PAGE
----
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Ideas

The Meaning Of Petro: A Former Guerrilla As President Is Colombian Democracy At Work

Gustavo Petro's victory is not only a response to the social ills of today, but having been part of a Marxist guerrilla group that negotiated with the state decades ago, and returned to the social fold, he embodies the nation's democratic future.

The Meaning Of Petro: A Former Guerrilla As President Is Colombian Democracy At Work

President-elect Gustavo Petro (left) and his vice-president Francia Márquez (right) give a speech in Bogota, Colombia after Petro was elected president.

El Espectador

-Editorial-

BOGOTÁ — After decades of stigmatizing anything to do with the Left — to the point of annihilating an entire political party for its ideas — Colombia has elected for the first time — and quite decisively — a president of the Left. The election of Gustavo Petro and his vice-president, Francia Márquez, was itself one of the promises of the peace Colombia has sought for so long: with an orderly handover of power, the inclusion of all political positions and the possibility to work through our differences by voting.


The elections were a thumping rejection of the outgoing government of President Iván Duque and decades of dominance by the conservative currents led by his mentor, the former president Álvaro Uribe. The question now is: how shall we heal so many festering wounds in this country?

Looking back on Petro's Marxist past

It is important to look back. Petro was a member of the M-19, the Marxist guerrilla group that negotiated with the state decades ago, and returned to the social fold. Since then, its members have been crucial to the state-building effort.

Petro's election confirms the guerrilla's former initiatives and shows the importance of a peaceful path and rejection of arms to win power. The elections have shown that Colombia is committed to the democratic and institutional option, which in itself is to be celebrated.

The figures attained should also mean a decisive mandate, and the presidential authority that comes with it. The experts had their doubts before, but Petro added three million votes to his first-round score, and some 700,000 more than his rival, Rodolfo Hernández.

The participation rate was at around 58%, which is a historic high in our electoral history. If we add to this the votes given to the (leftist) Historical Pact (Pacto histórico) in parliamentary elections, it is clear most Colombians are asking for change.

Unity and reconstruction

Supporters of Gustavo Petro, Colombia's new left-wing president, celebrate his victory in Bogota, Colombia on Monday.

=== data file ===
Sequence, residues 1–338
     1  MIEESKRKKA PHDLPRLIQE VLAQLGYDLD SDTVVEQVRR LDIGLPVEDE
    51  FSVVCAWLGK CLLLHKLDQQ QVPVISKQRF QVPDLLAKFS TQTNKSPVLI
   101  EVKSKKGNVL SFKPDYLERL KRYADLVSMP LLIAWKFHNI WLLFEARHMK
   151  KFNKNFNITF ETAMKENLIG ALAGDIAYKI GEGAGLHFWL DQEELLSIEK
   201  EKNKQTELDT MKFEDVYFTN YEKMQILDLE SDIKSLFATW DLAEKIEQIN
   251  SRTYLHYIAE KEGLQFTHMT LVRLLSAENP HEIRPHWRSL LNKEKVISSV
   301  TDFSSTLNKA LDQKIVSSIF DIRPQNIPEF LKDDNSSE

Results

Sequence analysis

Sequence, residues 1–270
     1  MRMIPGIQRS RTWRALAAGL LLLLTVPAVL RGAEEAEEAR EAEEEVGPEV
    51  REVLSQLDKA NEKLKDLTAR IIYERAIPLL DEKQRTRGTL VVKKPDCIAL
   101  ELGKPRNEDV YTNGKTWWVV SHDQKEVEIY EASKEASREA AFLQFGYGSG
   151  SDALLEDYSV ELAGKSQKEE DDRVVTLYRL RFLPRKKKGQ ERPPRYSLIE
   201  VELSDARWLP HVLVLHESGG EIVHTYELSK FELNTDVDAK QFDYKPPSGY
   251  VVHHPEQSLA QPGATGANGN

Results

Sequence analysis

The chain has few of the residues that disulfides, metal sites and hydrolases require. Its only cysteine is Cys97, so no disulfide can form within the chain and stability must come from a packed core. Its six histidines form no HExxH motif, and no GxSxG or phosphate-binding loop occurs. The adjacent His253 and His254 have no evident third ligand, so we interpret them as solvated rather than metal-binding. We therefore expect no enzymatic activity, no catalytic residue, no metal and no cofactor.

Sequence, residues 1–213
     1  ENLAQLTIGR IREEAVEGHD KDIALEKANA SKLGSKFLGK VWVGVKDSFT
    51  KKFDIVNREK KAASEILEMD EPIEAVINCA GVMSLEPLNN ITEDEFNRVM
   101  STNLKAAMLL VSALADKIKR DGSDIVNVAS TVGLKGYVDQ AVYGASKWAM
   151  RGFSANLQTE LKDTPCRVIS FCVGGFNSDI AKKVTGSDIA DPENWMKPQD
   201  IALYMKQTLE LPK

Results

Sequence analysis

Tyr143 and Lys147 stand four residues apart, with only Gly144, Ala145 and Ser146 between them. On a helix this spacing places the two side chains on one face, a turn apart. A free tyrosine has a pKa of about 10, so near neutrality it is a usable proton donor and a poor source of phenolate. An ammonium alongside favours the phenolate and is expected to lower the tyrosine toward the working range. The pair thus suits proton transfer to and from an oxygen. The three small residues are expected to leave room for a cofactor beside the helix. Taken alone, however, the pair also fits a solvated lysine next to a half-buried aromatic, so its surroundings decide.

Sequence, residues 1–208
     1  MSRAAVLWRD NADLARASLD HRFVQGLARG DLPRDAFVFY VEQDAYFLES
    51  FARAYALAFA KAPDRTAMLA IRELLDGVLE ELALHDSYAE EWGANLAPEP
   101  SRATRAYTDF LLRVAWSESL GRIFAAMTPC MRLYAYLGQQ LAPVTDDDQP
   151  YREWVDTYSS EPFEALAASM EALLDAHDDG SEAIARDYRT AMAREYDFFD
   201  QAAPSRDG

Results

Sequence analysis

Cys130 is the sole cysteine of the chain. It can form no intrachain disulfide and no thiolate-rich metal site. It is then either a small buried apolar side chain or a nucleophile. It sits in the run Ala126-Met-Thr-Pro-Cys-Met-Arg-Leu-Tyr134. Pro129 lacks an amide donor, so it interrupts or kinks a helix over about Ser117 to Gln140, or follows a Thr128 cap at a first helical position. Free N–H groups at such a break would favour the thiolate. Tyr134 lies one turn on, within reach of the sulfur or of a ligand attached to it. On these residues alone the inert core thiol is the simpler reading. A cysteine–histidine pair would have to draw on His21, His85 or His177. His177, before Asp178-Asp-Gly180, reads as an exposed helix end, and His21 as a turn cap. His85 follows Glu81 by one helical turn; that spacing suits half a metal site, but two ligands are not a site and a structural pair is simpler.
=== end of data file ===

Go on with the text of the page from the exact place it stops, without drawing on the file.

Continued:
Cristian Bayona/LongVisual/ZUMA

Petro must now be allowed to govern. Clearly we need oversight, with vigorous institutions that act as counterweights. Political deadlock would particularly signify a rejection of the majority's choice. But the president must also see the massive number of votes cast for his rival as a need to take that constituency into account, and the same may be said of a half million blank votes.

The damage done after a vicious campaign

After a vicious campaign, it is now time to speak of unity and reconstruction, with actions complementing the important work of finding the right words.

The election of the country's first Afro-Caribbean vice-president is furthermore a message to the country's forgotten and downtrodden communities. The country's most vulnerable territories backed the Petro ticket, and expect an Equality ministry to start working on healing the country's immense rifts.

Colombia wanted change and has voted for it. What comes next will depend on how well the tattered social threads can be put back together after an election that was particularly divisive.

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Society

An End To The Hijab Law? Iranian Protesters Want To End The Whole Regime

Reported declarations by some Iranian officials on revising the notorious morality police patrols and obligatory dress codes for women are suspect both in their authenticity, and ultimately not even close to addressing the demands of Iranian protesters.

photo of women in Iran dressed in black hijabs

The regime has required women cover their heads for the past 41 years

Iranian Supreme Leader'S Office/ZUMA
Kayhan-London

-Analysis-

The news spread quickly around Iran, and the world: the Iranian regime's very conservative prosecutor-general, Muhammadja'far Montazeri, was reported to have proposed loosening the mandatory headscarf rules Iran places on women in public.

Let's remember that within months of taking power in 1979, the Islamic Republic had forced women to wear headscarves in public, and shawls and other dressings to cover their clothes. But ongoing protests, which began in September over the death of 22-year-old Mahsa Amini while in police custody over her headscarf, seem to instead be angling for an overthrow of the entire 40-year regime.

Che ba hejab, che bi hejab, mirim be suyeh enqelab, protesters have chanted. "With or Without the Hijab, We're heading for a Revolution."

Montazeri recently announced that Iran's parliament and Higher Council of the Cultural Revolution, an advisory state body, would discuss the issue of obligatory headscarves over the following two weeks. "The judiciary does not intend to shut down the social security police but after these recent events, security and cultural agencies want to better manage the matter," Montazeri said, adding that this may require new proposals on "hijab and modesty" rules.

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